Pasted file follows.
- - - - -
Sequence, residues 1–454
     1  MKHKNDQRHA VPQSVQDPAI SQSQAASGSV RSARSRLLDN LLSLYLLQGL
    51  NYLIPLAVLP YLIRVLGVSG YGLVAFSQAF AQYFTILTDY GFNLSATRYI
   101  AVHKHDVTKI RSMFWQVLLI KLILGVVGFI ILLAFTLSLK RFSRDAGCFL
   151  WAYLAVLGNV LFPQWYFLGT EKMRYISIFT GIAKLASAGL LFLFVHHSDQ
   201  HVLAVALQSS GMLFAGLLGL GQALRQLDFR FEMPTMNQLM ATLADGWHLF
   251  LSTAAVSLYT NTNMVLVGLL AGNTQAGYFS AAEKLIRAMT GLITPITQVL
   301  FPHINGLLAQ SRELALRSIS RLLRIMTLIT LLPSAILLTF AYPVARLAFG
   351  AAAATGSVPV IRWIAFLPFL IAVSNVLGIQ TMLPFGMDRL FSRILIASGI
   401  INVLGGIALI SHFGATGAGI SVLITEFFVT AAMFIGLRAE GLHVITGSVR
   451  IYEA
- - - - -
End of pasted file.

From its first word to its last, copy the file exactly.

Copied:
Sequence, residues 1–454
     1  MKHKNDQRHA VPQSVQDPAI SQSQAASGSV RSARSRLLDN LLSLYLLQGL
    51  NYLIPLAVLP YLIRVLGVSG YGLVAFSQAF AQYFTILTDY GFNLSATRYI
   101  AVHKHDVTKI RSMFWQVLLI KLILGVVGFI ILLAFTLSLK RFSRDAGCFL
   151  WAYLAVLGNV LFPQWYFLGT EKMRYISIFT GIAKLASAGL LFLFVHHSDQ
   201  HVLAVALQSS GMLFAGLLGL GQALRQLDFR FEMPTMNQLM ATLADGWHLF
   251  LSTAAVSLYT NTNMVLVGLL AGNTQAGYFS AAEKLIRAMT GLITPITQVL
   301  FPHINGLLAQ SRELALRSIS RLLRIMTLIT LLPSAILLTF AYPVARLAFG
   351  AAAATGSVPV IRWIAFLPFL IAVSNVLGIQ TMLPFGMDRL FSRILIASGI
   401  INVLGGIALI SHFGATGAGI SVLITEFFVT AAMFIGLRAE GLHVITGSVR
   451  IYEA